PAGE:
Vodafone Australia remains 'stable' despite half-year loss sliding to AU$153m

VHA CEO Inaki Berroeta remains optimistic even as the company continues to report declining numbers in revenue and ARPU.
Written by Aimee Chanthadavong, Contributor

Vodafone Hutchison Australia (VHA) has reported a net loss of AU$153 million for the half-year ended 30 June 2019, a further drop from the AU$92.3 million reported in the corresponding period last year.

The company also reported total revenue decreased 1.7% year on year to AU$1.7 billion, while average revenue per user (ARPU) was AU$34.52, a decrease of 5.2% year on year.

However, earnings before interest, tax, depreciation and amortisation (EBIDTA) increased by 14.3% to AU$585 million. 

Vodafone's total mobile customer base also grew by 11,750 customers to 5.99 million, equivalent to a 0.2% increase year on year. Although, these numbers are marginally down from the 6.02 million that was recorded from December 2018. 

Despite declines in revenue and ARPU, VHA CEO Inaki Berroeta said performance remained "stable in the face of significant headwinds". 

"We continue to focus on our customers and are investing in our digital capability to continually improve customer experience," he said.

"I am very pleased that our customer experience is reflected in the fact that we continue to set new standards as an industry leader in customer service. We have just recorded a new record low rate of TIO complaints – less than three per 10,000 customers – which is less than half the industry average."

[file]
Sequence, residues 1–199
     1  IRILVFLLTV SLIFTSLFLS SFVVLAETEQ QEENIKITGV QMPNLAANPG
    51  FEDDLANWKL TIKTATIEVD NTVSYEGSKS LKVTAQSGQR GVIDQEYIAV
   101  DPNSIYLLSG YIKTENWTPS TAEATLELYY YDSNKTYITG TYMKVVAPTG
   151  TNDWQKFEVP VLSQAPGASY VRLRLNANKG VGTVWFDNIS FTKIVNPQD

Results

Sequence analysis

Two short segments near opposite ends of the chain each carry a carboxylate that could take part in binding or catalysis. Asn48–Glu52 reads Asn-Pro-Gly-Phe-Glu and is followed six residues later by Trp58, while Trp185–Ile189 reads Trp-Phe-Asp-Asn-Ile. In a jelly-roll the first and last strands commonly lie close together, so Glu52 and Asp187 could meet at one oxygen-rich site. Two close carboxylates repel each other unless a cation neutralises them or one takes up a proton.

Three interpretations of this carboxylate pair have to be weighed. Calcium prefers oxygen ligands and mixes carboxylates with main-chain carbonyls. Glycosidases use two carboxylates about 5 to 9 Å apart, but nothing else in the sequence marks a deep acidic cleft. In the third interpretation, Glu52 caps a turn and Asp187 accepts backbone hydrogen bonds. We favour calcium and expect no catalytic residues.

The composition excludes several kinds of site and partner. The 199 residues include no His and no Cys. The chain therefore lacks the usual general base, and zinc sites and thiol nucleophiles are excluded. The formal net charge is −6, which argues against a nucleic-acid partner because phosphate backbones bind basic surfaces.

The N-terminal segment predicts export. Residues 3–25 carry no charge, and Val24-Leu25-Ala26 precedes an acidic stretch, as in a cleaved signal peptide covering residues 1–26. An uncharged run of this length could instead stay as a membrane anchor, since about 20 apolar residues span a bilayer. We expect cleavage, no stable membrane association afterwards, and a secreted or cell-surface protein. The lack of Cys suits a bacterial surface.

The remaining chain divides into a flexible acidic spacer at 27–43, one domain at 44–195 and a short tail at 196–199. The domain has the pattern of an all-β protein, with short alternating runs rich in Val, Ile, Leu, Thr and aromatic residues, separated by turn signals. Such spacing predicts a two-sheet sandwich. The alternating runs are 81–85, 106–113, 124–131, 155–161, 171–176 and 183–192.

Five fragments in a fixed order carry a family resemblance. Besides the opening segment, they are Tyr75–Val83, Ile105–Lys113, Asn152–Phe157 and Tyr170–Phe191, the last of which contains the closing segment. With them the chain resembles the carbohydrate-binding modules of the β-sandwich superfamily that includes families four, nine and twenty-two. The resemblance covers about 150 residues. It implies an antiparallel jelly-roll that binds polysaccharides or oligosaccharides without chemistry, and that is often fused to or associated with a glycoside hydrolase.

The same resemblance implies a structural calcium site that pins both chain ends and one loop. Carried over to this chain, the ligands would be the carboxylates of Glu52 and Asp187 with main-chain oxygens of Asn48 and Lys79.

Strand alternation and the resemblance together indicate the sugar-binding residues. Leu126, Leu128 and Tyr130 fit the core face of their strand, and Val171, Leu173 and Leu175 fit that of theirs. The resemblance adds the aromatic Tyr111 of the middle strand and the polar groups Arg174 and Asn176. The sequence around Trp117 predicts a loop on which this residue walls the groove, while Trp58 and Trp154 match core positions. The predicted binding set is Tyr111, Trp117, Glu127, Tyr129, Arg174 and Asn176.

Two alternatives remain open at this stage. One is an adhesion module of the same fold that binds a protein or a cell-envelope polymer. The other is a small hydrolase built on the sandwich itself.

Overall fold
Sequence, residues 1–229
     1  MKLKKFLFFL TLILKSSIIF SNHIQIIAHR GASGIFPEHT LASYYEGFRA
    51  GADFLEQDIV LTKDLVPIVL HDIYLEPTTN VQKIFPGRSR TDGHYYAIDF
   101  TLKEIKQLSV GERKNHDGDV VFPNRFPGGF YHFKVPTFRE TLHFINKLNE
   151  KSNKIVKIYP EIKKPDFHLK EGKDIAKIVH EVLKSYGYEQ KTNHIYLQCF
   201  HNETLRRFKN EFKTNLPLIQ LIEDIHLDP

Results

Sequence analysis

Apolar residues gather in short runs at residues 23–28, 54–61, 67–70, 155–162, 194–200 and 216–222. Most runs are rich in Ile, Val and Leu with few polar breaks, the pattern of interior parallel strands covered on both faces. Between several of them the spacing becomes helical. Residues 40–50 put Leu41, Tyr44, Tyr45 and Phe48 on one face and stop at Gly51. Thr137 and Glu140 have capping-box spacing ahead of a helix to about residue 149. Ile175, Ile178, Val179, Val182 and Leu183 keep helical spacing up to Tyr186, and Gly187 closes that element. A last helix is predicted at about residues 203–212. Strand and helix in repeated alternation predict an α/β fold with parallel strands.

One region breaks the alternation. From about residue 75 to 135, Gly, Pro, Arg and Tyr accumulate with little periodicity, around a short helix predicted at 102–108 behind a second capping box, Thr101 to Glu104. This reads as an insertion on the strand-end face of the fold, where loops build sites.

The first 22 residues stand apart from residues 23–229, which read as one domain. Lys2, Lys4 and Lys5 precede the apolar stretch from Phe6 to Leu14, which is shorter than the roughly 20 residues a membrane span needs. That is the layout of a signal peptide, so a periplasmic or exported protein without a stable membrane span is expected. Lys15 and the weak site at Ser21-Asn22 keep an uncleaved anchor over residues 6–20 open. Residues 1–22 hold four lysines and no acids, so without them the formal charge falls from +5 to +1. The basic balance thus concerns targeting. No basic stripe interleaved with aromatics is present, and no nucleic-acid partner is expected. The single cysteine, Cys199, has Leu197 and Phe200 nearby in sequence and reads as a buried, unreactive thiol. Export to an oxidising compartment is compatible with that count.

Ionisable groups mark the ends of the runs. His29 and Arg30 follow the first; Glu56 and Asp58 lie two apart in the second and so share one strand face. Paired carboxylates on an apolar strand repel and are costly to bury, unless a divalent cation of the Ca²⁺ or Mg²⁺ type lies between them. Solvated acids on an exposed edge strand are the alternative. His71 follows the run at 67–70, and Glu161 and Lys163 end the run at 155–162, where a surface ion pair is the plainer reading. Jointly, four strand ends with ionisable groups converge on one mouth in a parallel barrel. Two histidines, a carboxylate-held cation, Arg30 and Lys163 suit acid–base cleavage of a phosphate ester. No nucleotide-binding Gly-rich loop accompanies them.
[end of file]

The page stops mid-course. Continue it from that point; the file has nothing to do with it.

See: The future of network management is automated (TechRepublic)

Hutchinson Telecommunications Australia, the publicly-listed entity that owns 50% of VHA, said in the second-half of the year the company would continue to finalise plans for a new network vendor after the federal government banned the use of 5G equipment supplied by Huawei and ZTE due to national security concerns. 

The first casualty of the ban was TPG, who disclosed that it would abandon its mobile network build in Australia, incurring an accounting hit of almost AU$230 million. 

Although that could potentially change if the proposed merger between TPG and Vodafone goes ahead, as a new and bigger TPG would see Vodafone's current network coupled with TPG's existing spectrum holdings. 

VHA stated the proposed merger is something the company would continue to push forward with, signalling that it was "pleased" the process has been expedited with a federal court hearing set for September 2019. This came after the Australian Competition and Consumer Commission (ACCC) opposed the deal in May. 

"The merger would create an entity that will increase our ability to invest in networks, new technologies, and even more competitive plans and products for Australian consumers," Berroeta said.

Earlier this month, VHA admitted to misleading customers over direct billing services and is set to offer refunds to impacted customers, after an investigation by the ACCC. 

The ACCC said Vodafone admitted it "likely breached the ASIC Act from at least 2015" when it charged consumers for content they did not knowingly purchase or agree to buy. The telco has signed a court enforceable undertaking, the consumer watchdog said.

Vodafone was paid commissions for sales of the ringtones, games, and digital content by third-parties, with the direct billing service enabled by default consumer accounts.  

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